Petrified wood, also known as petrified tree (from Ancient Greek πέτρα meaning ‘rock’ or ‘stone’; literally ‘wood turned into stone’), is the name given to a special type of fossilized wood, the fossilized remains of terrestrial vegetation. Petrifaction is the result of a tree or tree-like plants having been replaced by stone via a mineralization process that often includes permineralization and replacement. The organic materials making up cell walls have been replicated with minerals (mostly silica in the form of opal, chalcedony, or quartz). In some instances, the original structure of the stem tissue may be partially retained. Unlike other plant fossils, which are typically impressions or compressions, petrified wood is a three-dimensional representation of the original organic material.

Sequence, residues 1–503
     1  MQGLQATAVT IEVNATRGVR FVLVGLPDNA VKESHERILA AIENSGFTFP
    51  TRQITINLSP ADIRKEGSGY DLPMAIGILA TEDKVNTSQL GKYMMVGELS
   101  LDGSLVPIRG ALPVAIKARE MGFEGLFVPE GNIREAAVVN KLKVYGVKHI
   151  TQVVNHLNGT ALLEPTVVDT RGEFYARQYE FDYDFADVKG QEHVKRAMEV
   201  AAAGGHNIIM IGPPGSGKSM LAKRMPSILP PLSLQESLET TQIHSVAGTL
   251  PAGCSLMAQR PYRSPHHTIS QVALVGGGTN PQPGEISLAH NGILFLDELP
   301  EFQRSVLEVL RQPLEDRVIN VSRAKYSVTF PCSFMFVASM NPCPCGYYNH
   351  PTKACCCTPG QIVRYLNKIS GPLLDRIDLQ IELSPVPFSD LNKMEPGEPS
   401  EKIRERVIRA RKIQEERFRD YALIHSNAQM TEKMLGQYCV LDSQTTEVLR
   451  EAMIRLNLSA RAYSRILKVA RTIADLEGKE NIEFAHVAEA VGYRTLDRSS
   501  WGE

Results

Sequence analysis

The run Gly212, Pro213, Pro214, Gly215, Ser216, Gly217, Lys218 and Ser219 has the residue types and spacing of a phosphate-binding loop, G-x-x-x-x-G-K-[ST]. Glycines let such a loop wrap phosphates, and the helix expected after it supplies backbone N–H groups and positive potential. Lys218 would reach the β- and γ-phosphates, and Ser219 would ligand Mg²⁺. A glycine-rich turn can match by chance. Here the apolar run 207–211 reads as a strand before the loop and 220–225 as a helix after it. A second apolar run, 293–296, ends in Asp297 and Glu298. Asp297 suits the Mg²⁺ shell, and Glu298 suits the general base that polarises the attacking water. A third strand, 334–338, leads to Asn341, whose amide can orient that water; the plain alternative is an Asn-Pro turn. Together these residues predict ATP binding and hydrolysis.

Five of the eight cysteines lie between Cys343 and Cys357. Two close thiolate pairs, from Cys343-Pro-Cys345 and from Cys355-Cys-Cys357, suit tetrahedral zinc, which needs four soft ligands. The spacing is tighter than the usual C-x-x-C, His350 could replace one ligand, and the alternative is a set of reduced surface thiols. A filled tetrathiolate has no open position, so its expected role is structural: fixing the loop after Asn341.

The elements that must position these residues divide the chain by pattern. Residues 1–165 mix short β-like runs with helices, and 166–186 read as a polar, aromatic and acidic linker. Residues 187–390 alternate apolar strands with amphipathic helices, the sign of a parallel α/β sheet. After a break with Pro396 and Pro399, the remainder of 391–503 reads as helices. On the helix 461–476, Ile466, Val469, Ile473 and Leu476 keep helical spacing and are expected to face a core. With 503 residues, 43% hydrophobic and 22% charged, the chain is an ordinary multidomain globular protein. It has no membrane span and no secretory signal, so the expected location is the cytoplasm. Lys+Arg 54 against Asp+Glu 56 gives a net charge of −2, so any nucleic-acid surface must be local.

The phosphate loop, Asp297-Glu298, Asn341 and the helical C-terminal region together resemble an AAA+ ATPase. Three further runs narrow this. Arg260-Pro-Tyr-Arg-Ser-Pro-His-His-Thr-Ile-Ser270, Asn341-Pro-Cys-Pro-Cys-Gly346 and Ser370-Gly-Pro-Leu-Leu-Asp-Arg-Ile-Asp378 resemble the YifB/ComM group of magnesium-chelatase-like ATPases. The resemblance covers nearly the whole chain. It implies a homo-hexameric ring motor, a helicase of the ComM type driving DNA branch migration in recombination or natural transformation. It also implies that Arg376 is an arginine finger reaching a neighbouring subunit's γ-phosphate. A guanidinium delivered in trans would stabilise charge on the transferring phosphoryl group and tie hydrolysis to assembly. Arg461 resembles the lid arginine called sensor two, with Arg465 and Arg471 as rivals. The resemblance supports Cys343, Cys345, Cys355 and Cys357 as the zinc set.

It generally takes a hundred years for wood to petrify, which must happen before it can decompose.